Windows Scam warning

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kerrensimmonds
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Windows Scam warning

Post by kerrensimmonds » Fri Nov 11, 2011 7:50 pm

In case you did not know. I know three people who failed to reply to this last night (though one was close to being persuaded....), and through one of them, I learn of a sucker who did fall into the trap. It cost him £150 to get out of it....
http://news.bbc.co.uk/today/hi/today/ne ... 637033.stm
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J.R.
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Re: Windows Scam warning

Post by J.R. » Sat Nov 12, 2011 12:14 pm

I suppose there must be many gullible people about.
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Re: Windows Scam warning

Post by NEILL THE NOTORIOUS » Sat Nov 12, 2011 2:57 pm

J.R. wrote:I suppose there must be many gullible people about.
Having spent years in Local Politics, I agree ! :oops:


I was warned aboit the Widows Scam, some time ago.
It is good advice -- "If you are not sure -- don't act ! "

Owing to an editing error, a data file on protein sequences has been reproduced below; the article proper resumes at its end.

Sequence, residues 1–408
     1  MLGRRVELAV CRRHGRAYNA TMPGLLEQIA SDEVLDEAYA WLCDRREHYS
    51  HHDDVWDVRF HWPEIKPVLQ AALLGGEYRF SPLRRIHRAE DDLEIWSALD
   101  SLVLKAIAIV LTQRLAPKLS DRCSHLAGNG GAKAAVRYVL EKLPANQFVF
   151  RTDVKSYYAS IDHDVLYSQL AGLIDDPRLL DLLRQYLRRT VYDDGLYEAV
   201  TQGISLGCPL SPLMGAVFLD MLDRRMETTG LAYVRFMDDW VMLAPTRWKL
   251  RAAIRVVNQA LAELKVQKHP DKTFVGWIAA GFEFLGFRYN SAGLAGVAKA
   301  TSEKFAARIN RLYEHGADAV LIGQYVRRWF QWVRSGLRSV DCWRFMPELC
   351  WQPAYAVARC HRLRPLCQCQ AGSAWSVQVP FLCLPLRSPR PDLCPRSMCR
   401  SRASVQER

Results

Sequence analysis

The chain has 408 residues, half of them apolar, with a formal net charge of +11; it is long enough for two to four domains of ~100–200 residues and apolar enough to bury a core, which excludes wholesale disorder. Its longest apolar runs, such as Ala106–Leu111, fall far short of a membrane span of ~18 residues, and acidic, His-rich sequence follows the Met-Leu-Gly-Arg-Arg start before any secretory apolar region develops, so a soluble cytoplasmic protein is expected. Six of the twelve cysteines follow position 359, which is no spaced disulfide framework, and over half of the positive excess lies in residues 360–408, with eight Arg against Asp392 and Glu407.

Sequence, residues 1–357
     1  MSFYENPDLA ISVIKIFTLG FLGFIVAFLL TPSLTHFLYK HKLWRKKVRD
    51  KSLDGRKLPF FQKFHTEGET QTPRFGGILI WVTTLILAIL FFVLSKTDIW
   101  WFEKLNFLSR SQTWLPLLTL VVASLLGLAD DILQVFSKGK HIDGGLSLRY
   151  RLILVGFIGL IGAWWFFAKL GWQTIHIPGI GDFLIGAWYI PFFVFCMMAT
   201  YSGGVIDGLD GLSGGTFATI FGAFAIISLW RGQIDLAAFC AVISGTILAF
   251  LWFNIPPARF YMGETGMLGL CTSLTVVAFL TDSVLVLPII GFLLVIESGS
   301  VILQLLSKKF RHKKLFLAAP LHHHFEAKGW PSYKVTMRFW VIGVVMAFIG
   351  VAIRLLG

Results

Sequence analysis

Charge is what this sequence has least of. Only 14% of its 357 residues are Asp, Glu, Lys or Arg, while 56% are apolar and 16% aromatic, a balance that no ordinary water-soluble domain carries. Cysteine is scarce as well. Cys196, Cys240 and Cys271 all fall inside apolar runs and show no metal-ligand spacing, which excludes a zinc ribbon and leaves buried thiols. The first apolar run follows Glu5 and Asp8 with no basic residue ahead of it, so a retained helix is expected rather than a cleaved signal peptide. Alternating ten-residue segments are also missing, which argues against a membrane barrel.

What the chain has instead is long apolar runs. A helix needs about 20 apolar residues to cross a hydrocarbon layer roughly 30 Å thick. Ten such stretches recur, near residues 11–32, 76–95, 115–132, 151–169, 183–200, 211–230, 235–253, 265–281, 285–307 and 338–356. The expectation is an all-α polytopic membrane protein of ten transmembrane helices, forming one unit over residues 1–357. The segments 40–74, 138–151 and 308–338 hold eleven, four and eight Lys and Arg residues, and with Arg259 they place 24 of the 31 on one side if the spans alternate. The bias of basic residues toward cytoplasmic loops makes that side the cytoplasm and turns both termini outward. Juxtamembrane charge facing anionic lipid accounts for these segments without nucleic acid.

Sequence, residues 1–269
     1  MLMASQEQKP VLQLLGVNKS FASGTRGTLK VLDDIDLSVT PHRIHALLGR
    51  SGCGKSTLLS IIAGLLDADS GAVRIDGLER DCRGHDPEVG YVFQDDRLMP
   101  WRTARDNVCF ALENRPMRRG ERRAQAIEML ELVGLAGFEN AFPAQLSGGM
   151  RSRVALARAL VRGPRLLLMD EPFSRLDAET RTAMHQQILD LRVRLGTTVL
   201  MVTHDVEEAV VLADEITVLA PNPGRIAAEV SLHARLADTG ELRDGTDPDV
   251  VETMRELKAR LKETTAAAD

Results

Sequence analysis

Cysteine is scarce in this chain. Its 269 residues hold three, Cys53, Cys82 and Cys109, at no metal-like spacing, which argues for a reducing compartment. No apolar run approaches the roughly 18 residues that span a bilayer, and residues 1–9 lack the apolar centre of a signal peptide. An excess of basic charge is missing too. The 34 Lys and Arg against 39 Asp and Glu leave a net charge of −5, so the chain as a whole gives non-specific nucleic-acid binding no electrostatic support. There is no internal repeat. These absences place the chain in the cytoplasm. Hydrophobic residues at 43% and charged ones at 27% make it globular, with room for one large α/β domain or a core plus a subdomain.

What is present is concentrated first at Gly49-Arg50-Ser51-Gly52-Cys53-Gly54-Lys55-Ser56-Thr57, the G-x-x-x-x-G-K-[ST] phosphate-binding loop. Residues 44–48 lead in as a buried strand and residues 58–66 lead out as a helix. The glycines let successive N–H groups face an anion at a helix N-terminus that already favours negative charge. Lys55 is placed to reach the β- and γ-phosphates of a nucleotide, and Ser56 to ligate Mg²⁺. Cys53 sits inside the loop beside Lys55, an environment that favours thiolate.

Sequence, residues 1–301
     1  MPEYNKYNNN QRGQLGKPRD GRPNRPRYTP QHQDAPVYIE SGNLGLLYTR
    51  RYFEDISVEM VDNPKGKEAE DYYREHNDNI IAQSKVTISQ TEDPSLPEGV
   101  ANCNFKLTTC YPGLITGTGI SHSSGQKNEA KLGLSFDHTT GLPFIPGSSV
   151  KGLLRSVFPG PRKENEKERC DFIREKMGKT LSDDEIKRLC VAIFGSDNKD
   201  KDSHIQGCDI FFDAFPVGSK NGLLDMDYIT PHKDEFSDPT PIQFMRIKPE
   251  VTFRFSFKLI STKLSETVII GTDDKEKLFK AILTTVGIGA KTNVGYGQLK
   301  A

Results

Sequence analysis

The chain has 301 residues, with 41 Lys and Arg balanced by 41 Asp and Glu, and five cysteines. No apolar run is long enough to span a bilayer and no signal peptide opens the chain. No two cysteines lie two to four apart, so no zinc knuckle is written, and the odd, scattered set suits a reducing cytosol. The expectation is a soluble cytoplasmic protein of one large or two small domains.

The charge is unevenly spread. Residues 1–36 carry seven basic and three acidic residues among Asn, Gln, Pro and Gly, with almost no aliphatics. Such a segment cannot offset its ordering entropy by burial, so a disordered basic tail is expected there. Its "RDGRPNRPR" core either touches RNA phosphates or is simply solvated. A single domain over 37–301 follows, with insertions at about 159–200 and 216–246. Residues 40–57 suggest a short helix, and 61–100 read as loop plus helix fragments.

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Re: Windows Scam warning

Post by icomefromalanddownunder » Sat Nov 12, 2011 11:33 pm

I usually hang up, but one boring, wet Saturday a few weeks ago I decided to play along with the condescending, young Indian guy who rang to tell me that my computer had been downloading damaging information without my knowledge - even at times when the computer would not have been switched on, although I never got him to confirm that.

After a great deal of piffle from both sides, he told me to hold down the Ctrl key 'That, Madam, is the key at the bottom, left hand side of your keyboard'. I began to reply that I know full well where to find the Ctrl key you condescending pra!t, when I decided to insist that I did not wish to use THAT Ctrl key, but that I wanted to use the one to the right of the keyboard.